I liked the quality of the education at SPU. I enjoyed being in a small school and close to what a city can offer. I love the Christian attitudes shown by coworkers and classmates. Those are the things you normally take for granted but you learn to treasure once you begin to miss them.
How did you become a Christian? As a Christian in Russia, do you think religious tolerance continues there?
In 1993, I became a Christian when I attended a course on world religions. The professor happened to be a pastor of a church in Moscow. Part of the class was to compare the Book of Romans with a major book of some other religion. I chose a comparison with the Upanishads of Hinduism. That drove me to realize that if there is a God, it certainly is the one the Bible talks about.
The rest was a matter of time to accept, believe and trust. . . . I believe because I believe, not because I understand or know everything.
I don't know of any hardcore persecution of Christians here, at least not in Moscow. At the same time there are challenges, as always: Consumerism, financial difficulties and tight schedules for some of us make it harder to focus on God. But each of us is trying to stay on track.
I'd like to know more about your background. Where are you from and how did you grow up?
I grew up in Moscow. My parents divorced when I was eight and I was raised by my mother and her parents. By the age of 15, I was like a "greenhouse kid." I didn't know anything that was beyond what was presented to me by my parents. Going to community college at age 15 was a shock.
Another shock was being drafted into the military. I was sent to Novaya Zemlya Island. I was in Air Defense, responsible for organizing document flows in the division headquarters. Being raised in a loving family and being the only child, it was hard to be away, and to be immersed in an all-male military environment.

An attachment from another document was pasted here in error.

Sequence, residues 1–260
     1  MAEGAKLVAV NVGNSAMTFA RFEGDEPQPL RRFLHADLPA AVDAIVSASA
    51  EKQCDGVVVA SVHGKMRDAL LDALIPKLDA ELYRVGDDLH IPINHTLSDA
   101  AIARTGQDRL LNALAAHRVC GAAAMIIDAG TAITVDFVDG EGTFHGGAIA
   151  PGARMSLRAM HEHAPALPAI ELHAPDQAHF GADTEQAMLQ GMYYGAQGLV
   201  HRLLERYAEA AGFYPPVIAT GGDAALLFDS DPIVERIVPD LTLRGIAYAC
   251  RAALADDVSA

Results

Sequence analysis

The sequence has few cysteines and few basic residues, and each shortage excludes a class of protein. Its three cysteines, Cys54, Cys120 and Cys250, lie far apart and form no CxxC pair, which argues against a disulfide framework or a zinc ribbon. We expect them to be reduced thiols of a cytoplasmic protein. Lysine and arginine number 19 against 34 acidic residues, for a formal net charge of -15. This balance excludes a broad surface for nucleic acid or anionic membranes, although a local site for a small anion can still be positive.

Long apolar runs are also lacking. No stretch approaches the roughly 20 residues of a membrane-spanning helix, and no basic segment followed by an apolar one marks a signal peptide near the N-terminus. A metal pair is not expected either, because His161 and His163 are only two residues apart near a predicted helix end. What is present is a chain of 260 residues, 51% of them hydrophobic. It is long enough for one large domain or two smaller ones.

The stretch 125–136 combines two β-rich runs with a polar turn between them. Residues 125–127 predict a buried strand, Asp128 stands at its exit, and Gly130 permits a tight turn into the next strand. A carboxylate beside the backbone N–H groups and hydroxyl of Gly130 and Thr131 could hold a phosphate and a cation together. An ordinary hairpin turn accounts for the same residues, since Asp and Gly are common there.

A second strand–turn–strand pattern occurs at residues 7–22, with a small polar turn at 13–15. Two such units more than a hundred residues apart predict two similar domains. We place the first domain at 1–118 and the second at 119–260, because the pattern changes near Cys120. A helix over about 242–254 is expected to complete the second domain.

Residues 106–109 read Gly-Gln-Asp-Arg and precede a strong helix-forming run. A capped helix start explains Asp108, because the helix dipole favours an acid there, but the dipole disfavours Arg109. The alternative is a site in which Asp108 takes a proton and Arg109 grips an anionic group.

You may have heard of widespread harassment toward young soldiers in Russia. Personally, I did not experience that, but I saw enough that by the time I was released, I forgot how to smile or laugh. My eyes were dead still. I didn't believe or trust anyone. It's been seven years since I got back, but I am still working on becoming the person I used to be.
With the acceptance of Yevgeny Primakov as Russia's prime minister, a confrontation within the government seems to have been averted for now. Over the long term, what do you think will happen in Russia?
I'm not in a position to make predictions, but I can name key facts of success: a strong and active president with a vision; a strong prime minister who gets things done; a parliament which thinks of the country first and then of political differences.
I think Mr. Primakov suits every faction in the parliament. He is undoubtedly smart and knowledgeable. We'll have to see how he shows himself as a prime minister.
The major blow to all of us is loss of trust in the government and banking system. That will be hard to heal. In many cases, it's the mentality that has to change. It'll come eventually.